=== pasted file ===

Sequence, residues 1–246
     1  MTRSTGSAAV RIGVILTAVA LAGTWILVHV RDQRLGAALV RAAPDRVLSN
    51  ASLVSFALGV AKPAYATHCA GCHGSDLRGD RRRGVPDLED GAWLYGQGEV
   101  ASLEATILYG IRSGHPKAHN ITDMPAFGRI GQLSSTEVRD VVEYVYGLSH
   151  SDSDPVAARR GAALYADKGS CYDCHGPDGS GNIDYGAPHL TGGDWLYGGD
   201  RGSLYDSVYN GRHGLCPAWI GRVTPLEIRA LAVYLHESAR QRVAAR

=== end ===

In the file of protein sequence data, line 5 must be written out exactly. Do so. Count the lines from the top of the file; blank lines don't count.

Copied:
   151  SDSDPVAARR GAALYADKGS CYDCHGPDGS GNIDYGAPHL TGGDWLYGGD